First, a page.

Nuclear magnetic resonance spectroscopy for structural characterization of bioactive compounds Chapter uri icon


  • The structural assignment of a new natural product molecule is not only to establish the 3D structure of a compound, but potentially to provide the basis for research in a multitude of disciplines, ultimately generating new therapeutic agents and/or new understanding of disease biology. The development of modern spectroscopic techniques has transformed the structure assignment process, which previously was essentially based on chemical degradation or derivatization followed by partial or total synthesis. Notably, it was only in the specialization era of the spectroscopic structural assignment of natural products that the field of marine natural products chemistry took shape. Today the processes of marine and terrestrial natural product isolation and structural determination are frequently streamlined and expeditious due to the spectacular advances in chromatographic and spectroscopic technologies as well as chemical synthesis. The NMR spectroscopy is a powerful tool in structure elucidation because the properties it displays can be related to the molecular structure. The chemical environment of a particular nucleus is associated with the chemical shift (d, ppm), and the area of a resonance, usually presented as its relative integral, is related to the number of nuclei giving rise to the NMR signal. The interactions between individual nuclei, mediated by electrons in a chemical bond, determine the coupling constant (J, Hz). In this chapter we will present the techniques commonly used, basic concepts, and how they are useful for chemists in the structural elucidation of mainly bioactive marine natural products. Its complex planar structure is determined by 1H and 13C NMR analysis strongly supported by other 1D (DEPT) and 2D (COSY, TOCSY, HSQC/HMQC, HMBC) NMR techniques. The stereochemistry is generally based on NOE experiments (NOE difference, NOESY, and ROESY), 1H–1H and 1H–13C coupling constants, chiral derivatizing agents, and also in empirical procedures comparing the chemical shifts of unknown vicinal and proximal centers with libraries of configurationally known stereomodels. However, the most reliable option to assign all the 3D structure of a marine natural product still is their total synthesis. The use of NMR hyphenated with other chromatographic and spectroscopic techniques and microcoil probes and narrow diameter tube probes for the structural elucidation of bioactive marine natural products, mainly associated with the quantitative NMR determinations, will be also briefly described. The chapter will finish with a description of the structural characterization of several types of marine natural products using all the referred NMR techniques followed by a small reference to the misassignments that still are very common.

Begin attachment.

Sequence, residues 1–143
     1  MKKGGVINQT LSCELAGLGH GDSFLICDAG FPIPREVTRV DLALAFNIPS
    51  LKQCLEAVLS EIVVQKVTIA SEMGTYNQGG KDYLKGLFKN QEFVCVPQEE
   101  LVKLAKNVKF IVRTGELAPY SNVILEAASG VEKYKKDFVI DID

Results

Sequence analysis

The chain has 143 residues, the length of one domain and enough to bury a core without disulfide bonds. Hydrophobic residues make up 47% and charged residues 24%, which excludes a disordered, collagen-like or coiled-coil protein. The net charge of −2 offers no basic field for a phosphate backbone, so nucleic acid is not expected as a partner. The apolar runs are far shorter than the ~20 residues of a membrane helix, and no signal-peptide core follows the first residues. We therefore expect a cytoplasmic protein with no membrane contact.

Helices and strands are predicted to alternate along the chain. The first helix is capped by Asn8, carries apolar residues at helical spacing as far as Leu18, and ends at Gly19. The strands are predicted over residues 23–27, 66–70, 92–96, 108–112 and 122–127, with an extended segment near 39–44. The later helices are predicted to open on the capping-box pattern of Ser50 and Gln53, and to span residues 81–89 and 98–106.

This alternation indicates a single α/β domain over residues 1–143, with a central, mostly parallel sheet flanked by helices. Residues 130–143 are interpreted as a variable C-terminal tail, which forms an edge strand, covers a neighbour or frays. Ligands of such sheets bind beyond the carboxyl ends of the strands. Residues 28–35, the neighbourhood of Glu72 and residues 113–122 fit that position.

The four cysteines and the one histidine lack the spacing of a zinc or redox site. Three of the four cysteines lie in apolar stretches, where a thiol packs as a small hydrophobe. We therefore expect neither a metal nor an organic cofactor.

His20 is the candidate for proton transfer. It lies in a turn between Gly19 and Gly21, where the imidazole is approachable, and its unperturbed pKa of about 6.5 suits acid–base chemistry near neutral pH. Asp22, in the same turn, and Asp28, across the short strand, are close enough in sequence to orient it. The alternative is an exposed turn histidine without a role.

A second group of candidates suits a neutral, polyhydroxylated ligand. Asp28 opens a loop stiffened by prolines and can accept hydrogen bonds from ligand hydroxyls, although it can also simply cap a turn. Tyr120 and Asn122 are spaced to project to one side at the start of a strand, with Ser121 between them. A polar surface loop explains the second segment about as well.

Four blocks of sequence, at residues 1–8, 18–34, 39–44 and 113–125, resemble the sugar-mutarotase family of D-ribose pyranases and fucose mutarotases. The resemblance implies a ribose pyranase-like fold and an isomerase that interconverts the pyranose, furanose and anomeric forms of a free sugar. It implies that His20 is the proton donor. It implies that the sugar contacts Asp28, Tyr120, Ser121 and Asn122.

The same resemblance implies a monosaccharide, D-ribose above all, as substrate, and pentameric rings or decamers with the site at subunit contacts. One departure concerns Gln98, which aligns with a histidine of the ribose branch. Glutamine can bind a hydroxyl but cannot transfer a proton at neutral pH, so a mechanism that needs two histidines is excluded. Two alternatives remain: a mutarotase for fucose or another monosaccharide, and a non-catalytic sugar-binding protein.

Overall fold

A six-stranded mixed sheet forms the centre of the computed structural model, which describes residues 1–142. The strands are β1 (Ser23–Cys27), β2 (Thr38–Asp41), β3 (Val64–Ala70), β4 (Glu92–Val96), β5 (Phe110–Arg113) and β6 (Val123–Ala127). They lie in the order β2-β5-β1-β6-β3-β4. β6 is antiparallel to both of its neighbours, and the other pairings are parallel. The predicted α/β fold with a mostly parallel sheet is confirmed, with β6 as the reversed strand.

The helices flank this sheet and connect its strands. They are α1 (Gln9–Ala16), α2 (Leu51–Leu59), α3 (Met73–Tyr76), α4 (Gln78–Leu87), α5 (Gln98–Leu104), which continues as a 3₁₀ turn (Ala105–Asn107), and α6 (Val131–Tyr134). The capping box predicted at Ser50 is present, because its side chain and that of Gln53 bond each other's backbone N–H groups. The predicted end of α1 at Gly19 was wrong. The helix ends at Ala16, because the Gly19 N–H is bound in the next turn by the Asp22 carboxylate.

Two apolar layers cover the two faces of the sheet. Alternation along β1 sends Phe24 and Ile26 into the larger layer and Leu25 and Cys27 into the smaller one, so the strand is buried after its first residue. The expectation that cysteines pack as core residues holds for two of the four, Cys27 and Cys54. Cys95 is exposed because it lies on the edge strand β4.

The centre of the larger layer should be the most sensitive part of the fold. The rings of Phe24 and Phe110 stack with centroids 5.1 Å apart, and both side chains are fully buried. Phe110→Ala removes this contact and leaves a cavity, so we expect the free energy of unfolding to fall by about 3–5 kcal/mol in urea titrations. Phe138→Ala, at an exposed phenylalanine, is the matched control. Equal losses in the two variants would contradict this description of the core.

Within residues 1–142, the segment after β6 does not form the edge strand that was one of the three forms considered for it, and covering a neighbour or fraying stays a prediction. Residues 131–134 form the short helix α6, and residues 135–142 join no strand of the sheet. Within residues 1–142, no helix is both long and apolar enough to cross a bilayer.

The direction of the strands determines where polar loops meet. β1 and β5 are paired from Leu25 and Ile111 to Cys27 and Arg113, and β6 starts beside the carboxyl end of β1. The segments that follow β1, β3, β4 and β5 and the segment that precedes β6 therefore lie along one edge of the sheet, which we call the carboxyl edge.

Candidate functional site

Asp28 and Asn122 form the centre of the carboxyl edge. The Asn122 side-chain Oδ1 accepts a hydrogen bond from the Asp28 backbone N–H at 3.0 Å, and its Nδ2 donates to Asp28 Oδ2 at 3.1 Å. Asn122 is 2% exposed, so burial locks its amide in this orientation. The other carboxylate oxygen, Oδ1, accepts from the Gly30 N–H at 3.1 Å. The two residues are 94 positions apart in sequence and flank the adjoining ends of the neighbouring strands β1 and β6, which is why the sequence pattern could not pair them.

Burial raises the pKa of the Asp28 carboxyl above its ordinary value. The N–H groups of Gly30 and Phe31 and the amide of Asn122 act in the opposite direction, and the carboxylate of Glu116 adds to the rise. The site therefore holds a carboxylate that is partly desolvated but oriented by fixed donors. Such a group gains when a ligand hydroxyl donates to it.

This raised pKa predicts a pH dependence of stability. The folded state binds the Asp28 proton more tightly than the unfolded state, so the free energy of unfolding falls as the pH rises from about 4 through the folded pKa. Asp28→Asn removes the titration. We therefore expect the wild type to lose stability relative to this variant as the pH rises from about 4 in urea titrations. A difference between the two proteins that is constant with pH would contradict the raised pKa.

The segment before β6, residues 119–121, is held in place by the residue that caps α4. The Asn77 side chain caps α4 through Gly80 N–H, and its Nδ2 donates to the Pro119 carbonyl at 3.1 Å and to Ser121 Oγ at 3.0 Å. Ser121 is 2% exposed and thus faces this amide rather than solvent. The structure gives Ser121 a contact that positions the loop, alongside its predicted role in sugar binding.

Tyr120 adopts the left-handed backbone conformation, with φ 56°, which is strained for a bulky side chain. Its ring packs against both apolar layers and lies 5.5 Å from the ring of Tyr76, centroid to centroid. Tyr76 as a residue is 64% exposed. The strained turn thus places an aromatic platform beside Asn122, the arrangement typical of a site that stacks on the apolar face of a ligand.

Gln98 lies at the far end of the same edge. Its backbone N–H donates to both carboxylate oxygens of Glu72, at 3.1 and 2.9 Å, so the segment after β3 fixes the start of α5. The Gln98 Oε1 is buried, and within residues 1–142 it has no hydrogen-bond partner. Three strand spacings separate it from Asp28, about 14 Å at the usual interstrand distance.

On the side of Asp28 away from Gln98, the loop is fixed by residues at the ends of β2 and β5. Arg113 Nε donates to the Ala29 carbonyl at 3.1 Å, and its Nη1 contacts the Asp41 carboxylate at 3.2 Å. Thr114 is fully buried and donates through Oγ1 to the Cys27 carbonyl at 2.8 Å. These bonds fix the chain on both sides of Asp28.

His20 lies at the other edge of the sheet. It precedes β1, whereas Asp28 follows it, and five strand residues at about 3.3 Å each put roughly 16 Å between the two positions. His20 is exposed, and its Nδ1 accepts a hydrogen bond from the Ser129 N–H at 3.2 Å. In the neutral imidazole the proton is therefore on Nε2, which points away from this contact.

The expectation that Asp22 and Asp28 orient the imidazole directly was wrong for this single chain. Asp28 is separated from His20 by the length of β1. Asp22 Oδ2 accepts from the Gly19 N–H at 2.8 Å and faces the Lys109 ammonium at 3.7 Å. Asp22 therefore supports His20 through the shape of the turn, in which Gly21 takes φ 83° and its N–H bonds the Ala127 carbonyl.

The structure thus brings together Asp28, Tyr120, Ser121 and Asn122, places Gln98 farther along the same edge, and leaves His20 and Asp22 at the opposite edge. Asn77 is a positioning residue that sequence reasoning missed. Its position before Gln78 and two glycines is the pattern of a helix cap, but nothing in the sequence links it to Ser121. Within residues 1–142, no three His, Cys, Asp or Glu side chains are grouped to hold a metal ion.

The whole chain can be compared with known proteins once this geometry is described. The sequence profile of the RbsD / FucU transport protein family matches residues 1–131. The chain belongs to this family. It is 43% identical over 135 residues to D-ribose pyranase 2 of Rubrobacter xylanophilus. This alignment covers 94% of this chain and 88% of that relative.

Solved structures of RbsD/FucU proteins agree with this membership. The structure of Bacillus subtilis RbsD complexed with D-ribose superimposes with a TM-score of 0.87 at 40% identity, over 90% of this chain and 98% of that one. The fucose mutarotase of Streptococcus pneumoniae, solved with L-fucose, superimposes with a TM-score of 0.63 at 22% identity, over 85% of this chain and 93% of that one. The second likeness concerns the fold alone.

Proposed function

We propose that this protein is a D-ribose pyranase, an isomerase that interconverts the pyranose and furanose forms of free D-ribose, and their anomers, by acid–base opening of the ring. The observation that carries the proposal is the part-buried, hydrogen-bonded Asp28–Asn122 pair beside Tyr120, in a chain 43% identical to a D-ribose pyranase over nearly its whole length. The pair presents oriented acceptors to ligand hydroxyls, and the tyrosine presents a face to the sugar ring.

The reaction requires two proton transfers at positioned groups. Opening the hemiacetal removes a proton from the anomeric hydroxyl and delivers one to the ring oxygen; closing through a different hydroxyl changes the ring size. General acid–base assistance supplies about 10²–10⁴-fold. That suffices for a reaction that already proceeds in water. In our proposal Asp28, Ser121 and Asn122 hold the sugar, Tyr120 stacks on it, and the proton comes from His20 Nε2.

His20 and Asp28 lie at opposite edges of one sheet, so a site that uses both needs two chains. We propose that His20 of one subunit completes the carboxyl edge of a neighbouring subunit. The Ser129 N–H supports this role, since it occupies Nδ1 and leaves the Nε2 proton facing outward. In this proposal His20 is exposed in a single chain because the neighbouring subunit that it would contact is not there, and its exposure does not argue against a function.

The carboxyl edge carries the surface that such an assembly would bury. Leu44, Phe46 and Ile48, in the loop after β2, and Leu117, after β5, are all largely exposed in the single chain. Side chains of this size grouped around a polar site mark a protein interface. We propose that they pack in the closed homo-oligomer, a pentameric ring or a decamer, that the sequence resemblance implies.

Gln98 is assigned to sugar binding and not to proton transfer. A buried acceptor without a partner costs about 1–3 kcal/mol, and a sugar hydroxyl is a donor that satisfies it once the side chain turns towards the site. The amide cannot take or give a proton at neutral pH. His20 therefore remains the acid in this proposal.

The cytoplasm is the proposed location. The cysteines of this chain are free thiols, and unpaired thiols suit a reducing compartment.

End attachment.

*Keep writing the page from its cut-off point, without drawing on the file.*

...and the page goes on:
publication date

  • 2014